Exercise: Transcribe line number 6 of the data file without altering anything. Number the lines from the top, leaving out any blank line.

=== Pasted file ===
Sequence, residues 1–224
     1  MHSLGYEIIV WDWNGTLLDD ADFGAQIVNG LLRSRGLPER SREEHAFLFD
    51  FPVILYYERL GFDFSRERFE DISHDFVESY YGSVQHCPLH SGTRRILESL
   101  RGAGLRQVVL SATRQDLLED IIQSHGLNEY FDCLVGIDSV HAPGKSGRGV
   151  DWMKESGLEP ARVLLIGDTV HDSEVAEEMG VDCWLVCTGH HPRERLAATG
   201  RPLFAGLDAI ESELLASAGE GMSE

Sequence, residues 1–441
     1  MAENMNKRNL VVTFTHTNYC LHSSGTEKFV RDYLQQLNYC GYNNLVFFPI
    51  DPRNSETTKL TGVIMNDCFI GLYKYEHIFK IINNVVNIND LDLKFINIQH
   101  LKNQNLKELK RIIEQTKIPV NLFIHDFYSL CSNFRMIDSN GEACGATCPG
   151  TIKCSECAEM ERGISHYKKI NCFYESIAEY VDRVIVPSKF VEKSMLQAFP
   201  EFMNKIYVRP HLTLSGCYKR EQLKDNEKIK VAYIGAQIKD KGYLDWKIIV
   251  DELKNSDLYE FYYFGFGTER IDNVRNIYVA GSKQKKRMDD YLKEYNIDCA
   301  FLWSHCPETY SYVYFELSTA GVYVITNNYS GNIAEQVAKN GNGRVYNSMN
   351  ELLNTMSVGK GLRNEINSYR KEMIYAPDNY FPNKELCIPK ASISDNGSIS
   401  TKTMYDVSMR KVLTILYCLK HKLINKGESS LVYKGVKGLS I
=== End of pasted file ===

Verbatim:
   201  RPLFAGLDAI ESELLASAGE GMSE